Whilst experimenting with designs for my first test etching plates, I spent a lot of time in the library using books to photocopy relevant images for research. Using my earlier brain storms as a starting point. I decided to look into the fashions of the age, houses, furniture, working people, Mary Anning’s discoveries, dogs and paleontological tools. I also found many interesting photo books of people’s office spaces and desks. Books used: Hayward, C. 1936. English Period Furniture. London: Evans Brothers Ltd. Kelly, A. 1968. The Book of English Fireplaces. London: Country Life Books. Moore, D and Pick, M. 1985. The English Room. London: Weidenfeld and Nicolson. Waller, C and Ward, D. 1992. Fossils. London: Dorling Kindersley. Cohen, D. 2006. Household Gods. London: Yale University Press. Pollard, A. 1979. Dogs. London: Treasure Press. Seebohm, C and Simon Sykes, C. 1987. English Country- Living in England’s Private Houses. London: Thames and Hudson. Evans, G. 2011. Fashion in Focus 1600- 2009. Surrey: Chertsey Museum. Eaving, E. Everyday Dress 1650- 1900. London: B.T. Batsford Ltd. Bradfield, N. Costume in Detail 1730- 1930. London: Harrap London. Laying out the chosen images, I was able to pick out the items and clothes that best fit Mary Anning’s life style and work. Using my sketchbook to keep a record of items that could be used in a final composition.

Tutorial with Marcus Oakley At this point I had a quick chat with Marcus about my project and the progression of my work. I gave a brief outline of what I was working on and what I hoped to achieve. With only so many weeks remaining for this project, we both agreed that maybe designing and binding a book as a final outcome was possibly too ambitious. At this point, I decided to slightly alter my Learning Agreement, changing the outcome to a simple series of illustrations that could one day be expanded to be produced as a book. I needed to speak to other tutors about the possibility of extending the Pre- major Project into the Final Major Project. I was really enjoying the work I was producing and felt that it would carry me over well into next year. I spoke to Marcus about portraiture of the scientists, and how I felt my quick sketches of office spaces had far more character and individuality than my drawings of Mary Anning. I wanted to see if I could produce a kind- of ‘portrait’ of Mary Anning without her presence in the image. Using her famous paleontology tools and straw hat; amongst other notable items, to draw upon her personality and important scientific work. I explained my reasoning for wanting to illustrate the scientists personal lives, as well as their scienfiic acheivements. I was intent on trying to explain visually that behind the scientific work, there was still a person behind the hard work; a person who had other interests, and who was human like the rest of us. After the Atomic Bomb, a lot of people felt slightly wary of any scientific advancements, possibly through my images I could perhaps change sombody’s mind about this.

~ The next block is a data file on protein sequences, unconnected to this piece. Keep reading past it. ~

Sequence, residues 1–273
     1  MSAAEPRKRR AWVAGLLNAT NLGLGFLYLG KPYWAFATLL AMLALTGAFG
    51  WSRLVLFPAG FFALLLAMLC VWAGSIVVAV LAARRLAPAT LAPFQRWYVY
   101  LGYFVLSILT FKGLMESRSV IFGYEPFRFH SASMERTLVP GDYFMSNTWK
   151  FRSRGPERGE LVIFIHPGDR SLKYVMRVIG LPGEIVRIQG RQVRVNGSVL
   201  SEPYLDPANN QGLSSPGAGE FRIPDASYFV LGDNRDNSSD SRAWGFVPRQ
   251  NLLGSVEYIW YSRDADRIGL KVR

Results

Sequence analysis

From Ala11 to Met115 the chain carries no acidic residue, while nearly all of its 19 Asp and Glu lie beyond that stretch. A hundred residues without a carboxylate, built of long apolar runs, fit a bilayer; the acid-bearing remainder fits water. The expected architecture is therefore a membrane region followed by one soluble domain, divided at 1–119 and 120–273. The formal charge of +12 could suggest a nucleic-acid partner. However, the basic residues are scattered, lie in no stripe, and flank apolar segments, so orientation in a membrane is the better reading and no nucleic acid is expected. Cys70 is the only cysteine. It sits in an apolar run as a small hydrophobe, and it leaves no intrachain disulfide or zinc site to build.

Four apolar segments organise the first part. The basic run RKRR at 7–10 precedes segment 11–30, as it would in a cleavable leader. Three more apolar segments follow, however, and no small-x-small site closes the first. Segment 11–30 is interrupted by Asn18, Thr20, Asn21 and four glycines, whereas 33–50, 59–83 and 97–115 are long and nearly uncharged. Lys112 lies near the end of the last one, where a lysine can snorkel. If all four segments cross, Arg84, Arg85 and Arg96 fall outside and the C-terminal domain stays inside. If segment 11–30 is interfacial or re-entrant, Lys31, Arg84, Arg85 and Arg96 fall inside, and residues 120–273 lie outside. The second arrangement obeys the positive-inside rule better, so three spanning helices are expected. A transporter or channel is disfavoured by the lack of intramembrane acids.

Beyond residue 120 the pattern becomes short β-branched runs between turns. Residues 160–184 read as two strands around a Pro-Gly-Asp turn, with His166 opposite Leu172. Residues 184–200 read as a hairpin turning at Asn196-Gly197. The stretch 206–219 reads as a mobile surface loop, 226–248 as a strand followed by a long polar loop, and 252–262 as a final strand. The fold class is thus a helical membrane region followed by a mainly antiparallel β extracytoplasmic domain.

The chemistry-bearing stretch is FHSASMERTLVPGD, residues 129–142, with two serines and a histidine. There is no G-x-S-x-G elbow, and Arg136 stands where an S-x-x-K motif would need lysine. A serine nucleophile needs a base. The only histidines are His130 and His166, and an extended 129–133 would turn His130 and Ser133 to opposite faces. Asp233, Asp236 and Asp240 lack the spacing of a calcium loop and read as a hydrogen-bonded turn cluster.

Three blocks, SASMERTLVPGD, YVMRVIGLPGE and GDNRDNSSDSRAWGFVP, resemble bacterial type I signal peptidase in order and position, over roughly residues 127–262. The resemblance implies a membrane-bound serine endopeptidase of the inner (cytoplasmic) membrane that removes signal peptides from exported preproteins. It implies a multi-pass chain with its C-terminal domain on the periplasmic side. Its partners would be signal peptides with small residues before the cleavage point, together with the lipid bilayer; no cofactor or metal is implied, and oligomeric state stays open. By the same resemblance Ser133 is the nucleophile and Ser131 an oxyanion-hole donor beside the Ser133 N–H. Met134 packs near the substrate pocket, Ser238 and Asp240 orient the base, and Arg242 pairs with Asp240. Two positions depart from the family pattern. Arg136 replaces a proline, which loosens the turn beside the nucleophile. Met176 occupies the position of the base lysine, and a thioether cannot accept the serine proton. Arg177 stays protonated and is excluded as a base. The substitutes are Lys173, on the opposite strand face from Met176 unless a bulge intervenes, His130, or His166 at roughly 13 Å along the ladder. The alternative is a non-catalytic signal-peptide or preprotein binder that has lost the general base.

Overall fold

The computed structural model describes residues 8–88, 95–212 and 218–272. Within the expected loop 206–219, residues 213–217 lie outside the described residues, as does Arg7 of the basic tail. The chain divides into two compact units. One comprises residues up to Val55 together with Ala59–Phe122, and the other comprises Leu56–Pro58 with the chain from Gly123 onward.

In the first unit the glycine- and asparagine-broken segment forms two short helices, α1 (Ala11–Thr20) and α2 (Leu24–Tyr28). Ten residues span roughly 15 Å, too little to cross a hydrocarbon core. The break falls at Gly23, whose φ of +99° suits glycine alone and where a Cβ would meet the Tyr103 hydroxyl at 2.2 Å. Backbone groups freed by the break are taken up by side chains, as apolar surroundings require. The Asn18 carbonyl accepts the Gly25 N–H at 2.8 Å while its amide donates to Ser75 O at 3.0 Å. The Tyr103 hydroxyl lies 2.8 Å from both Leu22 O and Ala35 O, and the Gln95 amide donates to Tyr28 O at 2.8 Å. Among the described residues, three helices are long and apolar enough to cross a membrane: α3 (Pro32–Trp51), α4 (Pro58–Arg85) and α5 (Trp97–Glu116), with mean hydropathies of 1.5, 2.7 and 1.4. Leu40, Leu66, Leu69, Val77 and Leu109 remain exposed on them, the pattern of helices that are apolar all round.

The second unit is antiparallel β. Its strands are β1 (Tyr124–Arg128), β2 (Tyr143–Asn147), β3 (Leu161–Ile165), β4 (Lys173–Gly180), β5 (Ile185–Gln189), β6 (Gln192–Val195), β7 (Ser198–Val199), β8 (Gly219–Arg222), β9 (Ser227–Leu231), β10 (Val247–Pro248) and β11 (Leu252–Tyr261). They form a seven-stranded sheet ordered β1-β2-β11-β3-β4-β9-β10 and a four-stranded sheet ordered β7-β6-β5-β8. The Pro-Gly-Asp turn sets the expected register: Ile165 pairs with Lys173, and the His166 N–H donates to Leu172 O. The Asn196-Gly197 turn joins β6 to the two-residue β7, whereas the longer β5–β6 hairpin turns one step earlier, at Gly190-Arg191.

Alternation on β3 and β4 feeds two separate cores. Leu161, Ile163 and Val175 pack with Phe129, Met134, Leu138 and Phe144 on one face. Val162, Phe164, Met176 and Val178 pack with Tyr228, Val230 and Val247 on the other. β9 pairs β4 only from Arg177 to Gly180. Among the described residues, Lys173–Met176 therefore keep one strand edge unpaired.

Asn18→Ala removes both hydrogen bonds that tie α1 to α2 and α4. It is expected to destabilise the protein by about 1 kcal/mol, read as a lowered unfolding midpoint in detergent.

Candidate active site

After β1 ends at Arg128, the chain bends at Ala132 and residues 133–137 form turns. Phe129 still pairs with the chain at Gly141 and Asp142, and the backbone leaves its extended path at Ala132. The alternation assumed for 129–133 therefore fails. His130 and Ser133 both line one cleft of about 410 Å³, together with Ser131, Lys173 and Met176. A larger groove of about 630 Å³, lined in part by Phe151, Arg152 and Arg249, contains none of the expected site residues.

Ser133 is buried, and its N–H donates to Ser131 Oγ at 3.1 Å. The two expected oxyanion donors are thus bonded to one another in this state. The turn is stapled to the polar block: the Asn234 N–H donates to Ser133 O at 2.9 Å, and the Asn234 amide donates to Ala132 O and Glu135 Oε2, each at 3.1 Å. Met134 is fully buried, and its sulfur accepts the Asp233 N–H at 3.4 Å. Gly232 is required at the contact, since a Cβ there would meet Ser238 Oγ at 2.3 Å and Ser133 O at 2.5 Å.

Tutorial with Salvatore I was able to have a quick chat with Salvatore about the direction of my project and the trouble I was having with composition and imagery. I felt that up until this point, I was a bit stifled creativly because what I was hoping to accomplish was rather straight forward; and I felt that I wasn’t able to improvise when creating imagery. My original plan for my first illustration in the series included eveything that I though Mary Anning may have in her home office/ study. However, I felt it definitely lacked a certain charm and personal response. He agreed, and felt that my illustrations completed over the summer months were far more interesting to look at and had a real sense of ‘clutter’ to them. On the oppostie page is an example of this work. He suggested that I spend a day drawing across a double page spread, all the items I felt Mary Anning may have in her home. Only to draw them once, not to focus on detail or perfection; and draw from this to create a new composition.

Mary Anning Original Composition On reflection, my original composition was rather simple for what I was trying to achieve with my images. My plan for my images to provide a visual link between Mary Anning’s scientific career and her personal life. In my original image there is no evidence of her paeleontological finds; only a few stones and cliche fossils. It is all rather too obvious. There were however, some aspects which I enjoyed, and thought needed to be kept for later adjustments: 1. Hat 2. Bookcase 3. Baskets of stones 4. Fossils 5. Dog Collar At this point in the project, I felt rather worried about the progress I was making, and felt I was quite behind in regards to my Learning Agreement, and my sketchbook was less full than it would have been in Second Year. I could only hope that what I was doing was a more professional approach to a project. Previously, in Level 5, I had wasted a lot of time in projects, on researching things that did not matter, and wouldn’t advance my practice. To advance my project at this stage, I followed Salvatore’s advice.